Seven of Cato’s and CAC’s cites came from their co-authored brief in Gamble. Four of the shared cites were found in Gorsuch’s dissenting opinion, two in Alito’s majority opinion and one in Ginsburg’s dissenting opinion. Regarding Cato’s four additional unique cites, Gorsuch had one in his majority opinion in New Prime and another in his concurrence in Kisor, and the other two were from Alito’s majority opinion in Tennessee Wine and his concurrence in Gundy. CAC’s additional three unique cites were found in Gorsuch’s majority opinion in New Prime.
In addition to the organizations whose unique sources were cited most frequently, other prominent brief types made contributions to the justices’ cites. Two senators, Sheldon Whitehouse, Democrat from Rhode Island, and Orrin Hatch, former Republican from Utah, both had briefs with unique cites picked up by the justices. Hatch’s unique cite was found in Ginsburg’s dissenting opinion in Gamble, while Whitehouse’s cite was found in Gorsuch’s majority opinion in New Prime. The other brief from congressional representatives that produced a unique cite in an opinion was from Representatives Andy Biggs, et al., in Nielsen. Thomas’ concurrence, Breyer’s dissent and Alito’s majority opinion all contained a unique cite from the representatives’ brief.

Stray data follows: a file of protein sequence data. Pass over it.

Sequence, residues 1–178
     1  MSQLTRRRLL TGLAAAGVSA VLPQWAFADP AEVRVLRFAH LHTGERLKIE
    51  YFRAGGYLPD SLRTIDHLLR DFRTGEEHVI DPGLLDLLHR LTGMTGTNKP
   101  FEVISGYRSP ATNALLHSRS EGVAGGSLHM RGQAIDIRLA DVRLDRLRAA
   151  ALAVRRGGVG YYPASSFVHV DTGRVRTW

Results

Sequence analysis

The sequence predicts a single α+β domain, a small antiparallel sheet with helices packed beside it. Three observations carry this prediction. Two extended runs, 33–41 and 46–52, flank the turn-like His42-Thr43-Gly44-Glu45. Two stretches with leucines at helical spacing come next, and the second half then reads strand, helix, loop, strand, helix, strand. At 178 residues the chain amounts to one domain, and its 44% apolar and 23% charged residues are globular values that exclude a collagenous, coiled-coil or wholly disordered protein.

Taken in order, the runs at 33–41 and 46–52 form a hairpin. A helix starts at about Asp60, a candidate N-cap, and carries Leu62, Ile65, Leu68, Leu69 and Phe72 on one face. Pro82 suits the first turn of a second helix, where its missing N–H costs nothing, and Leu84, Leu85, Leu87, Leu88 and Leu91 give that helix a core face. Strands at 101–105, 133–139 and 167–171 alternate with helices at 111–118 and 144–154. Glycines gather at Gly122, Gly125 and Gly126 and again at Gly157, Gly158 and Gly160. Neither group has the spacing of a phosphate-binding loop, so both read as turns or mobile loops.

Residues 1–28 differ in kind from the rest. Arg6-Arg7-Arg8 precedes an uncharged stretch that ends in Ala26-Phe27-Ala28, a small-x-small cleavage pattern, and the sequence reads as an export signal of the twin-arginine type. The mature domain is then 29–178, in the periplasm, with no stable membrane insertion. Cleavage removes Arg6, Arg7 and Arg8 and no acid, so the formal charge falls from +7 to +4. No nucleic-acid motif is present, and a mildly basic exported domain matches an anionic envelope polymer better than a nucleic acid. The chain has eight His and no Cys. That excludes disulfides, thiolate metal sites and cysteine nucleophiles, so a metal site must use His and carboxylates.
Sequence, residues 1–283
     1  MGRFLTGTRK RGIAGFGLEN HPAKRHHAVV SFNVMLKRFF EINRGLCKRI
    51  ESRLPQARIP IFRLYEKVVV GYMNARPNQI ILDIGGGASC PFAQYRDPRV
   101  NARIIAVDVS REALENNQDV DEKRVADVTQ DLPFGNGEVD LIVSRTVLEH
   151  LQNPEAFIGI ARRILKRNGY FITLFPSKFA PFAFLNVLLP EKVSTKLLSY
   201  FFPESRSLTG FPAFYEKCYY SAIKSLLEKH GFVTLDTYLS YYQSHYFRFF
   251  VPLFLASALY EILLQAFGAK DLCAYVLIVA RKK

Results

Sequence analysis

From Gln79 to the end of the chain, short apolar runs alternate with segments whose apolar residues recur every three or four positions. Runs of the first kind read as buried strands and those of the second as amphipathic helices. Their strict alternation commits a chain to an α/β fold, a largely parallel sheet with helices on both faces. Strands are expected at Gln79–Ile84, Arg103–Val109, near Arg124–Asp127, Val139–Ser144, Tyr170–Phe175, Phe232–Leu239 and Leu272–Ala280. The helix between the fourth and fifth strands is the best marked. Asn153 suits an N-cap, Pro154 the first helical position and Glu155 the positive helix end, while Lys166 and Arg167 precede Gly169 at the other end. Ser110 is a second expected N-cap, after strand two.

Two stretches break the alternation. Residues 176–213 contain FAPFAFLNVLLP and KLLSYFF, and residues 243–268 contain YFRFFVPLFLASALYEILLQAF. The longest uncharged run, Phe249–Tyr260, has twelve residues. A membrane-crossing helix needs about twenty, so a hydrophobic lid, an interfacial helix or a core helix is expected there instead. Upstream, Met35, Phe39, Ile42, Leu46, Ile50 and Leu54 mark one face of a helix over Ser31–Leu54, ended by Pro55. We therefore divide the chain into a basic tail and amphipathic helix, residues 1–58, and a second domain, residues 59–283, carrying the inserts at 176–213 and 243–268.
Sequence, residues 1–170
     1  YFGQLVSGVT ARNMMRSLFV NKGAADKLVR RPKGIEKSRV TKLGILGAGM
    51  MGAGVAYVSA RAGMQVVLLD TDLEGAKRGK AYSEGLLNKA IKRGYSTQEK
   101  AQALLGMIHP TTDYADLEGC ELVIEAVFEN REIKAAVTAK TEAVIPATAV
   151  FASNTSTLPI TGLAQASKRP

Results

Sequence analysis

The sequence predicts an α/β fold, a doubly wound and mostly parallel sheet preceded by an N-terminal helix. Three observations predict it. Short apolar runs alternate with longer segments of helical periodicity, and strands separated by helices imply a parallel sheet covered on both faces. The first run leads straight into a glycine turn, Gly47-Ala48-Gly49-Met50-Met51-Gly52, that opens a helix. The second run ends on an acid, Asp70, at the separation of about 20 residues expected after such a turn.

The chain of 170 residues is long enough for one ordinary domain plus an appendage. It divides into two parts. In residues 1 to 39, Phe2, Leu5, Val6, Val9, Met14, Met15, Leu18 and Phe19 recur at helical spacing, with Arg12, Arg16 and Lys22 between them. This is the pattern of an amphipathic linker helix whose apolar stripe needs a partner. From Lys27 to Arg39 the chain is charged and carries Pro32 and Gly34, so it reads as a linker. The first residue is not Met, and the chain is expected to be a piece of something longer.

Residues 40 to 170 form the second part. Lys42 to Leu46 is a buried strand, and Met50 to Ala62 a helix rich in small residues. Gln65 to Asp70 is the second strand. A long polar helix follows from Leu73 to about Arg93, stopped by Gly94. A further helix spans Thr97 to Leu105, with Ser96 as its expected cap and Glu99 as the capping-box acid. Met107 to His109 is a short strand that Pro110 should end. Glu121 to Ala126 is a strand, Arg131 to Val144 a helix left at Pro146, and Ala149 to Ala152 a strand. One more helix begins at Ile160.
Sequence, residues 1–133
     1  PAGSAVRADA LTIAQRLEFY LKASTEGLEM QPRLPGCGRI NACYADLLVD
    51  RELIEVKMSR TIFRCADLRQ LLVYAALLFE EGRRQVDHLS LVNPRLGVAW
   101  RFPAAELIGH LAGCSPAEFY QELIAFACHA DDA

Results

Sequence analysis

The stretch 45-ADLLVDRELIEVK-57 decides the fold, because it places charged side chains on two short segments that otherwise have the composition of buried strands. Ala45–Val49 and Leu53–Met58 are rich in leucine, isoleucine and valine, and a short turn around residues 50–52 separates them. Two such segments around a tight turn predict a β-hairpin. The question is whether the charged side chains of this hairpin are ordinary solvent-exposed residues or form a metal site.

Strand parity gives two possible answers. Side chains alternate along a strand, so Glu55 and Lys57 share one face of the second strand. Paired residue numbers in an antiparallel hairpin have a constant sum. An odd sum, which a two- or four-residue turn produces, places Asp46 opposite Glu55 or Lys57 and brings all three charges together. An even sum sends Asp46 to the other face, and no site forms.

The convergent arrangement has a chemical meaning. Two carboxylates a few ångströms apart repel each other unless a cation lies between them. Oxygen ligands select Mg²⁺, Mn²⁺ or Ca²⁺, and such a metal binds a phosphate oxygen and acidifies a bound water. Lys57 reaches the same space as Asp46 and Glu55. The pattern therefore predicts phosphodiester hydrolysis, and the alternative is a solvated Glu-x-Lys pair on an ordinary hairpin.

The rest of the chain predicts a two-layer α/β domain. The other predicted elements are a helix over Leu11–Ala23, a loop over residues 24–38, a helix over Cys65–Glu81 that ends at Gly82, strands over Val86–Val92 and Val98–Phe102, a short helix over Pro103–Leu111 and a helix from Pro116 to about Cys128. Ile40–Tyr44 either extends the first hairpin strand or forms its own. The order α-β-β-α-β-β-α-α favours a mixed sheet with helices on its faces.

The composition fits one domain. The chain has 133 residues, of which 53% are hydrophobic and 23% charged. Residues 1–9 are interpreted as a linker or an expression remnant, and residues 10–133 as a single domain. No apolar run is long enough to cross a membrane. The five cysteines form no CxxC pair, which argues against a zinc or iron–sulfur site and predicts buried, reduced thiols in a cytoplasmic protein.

Although these methods will not identify the justices’ resources in constructing opinions with absolute certainty, they do give us some additional insight into the justices’ processes of developing arguments in their opinions. They also tell us with greater certainty which briefs played a role in the justices’ decision-making. This in turn might highlight the importance of specific groups’ briefs for specific justices and in specific cases. Additional work in this area could further illuminate specific aspects of the court’s decision-making processes.
This post was originally published at Empirical SCOTUS.